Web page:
17 December 2019 by lberuti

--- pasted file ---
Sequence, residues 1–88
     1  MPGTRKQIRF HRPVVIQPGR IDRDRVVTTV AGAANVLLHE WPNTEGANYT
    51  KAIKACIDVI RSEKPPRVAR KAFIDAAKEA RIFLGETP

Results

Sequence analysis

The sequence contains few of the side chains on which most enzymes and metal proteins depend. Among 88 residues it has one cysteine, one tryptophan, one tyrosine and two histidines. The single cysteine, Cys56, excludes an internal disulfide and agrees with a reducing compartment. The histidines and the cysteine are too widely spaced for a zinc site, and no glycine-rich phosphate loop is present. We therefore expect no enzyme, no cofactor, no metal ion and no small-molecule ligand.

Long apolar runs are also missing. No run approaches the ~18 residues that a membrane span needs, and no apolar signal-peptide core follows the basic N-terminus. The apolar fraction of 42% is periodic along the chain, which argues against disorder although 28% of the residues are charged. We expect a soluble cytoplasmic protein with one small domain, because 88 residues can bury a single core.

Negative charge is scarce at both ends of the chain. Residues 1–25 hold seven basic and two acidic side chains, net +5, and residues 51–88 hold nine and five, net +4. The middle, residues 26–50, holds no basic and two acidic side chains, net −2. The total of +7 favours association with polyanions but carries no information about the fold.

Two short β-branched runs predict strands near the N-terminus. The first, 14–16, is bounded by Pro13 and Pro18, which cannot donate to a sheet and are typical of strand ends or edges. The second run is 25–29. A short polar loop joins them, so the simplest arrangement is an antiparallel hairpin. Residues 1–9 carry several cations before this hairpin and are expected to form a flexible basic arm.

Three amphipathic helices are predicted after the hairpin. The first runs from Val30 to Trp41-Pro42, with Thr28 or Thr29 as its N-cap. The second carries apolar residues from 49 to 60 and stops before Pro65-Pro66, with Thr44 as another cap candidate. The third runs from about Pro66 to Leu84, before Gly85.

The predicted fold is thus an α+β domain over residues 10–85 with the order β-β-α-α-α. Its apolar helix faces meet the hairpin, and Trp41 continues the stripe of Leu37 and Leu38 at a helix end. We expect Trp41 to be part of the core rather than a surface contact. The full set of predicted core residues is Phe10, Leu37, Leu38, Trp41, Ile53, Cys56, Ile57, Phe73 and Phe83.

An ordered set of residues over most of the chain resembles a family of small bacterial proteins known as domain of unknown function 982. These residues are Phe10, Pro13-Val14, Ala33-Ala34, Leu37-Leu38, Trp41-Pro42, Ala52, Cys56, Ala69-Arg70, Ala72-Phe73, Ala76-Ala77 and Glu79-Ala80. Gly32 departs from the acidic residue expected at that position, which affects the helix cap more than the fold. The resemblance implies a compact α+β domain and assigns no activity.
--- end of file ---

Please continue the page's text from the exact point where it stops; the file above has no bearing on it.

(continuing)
Since it has become fairly obvious that the Tory Party would gain a large majority in the Commons, UK risk has been on a roll. The posterchild of this really strong run was LLOYDSGR ( Lloyds Banking Group Plc ), which saw its 5-year risk premium halved between October 8th and yesterday as it went from 91bps to 45bps. But today that move came to a halt. Boris Johnson, the UK Prime Minister, announced he will not attend the World Economic Forum in Davos next year, nor will any of his ministers. He is branding his administration as “the people’s government”, which obviously does not include rubbing shoulders with the global elite at a Swiss ski resort. He also said that his agenda is very much set in delivering Brexit within the timeframe set while he was on the campaign trail. The UK exit from the EU will be voted before the end of January 2020, and it will be effective before the end of next year, whether a trade deal between the two blocks has been reached or not. Many thought that the Conservatives’ 80-seat majority would allow him to take a patient approach to negotiate the best possible deal. They were caught off guard and, in their mind, it certainly raised the probability of a no-deal Brexit. They sent the Pound tumbling at pushed most UK risk premia wider. For instance, LLOYDSGR’s 5-year CDS widened 4bps to 49bps.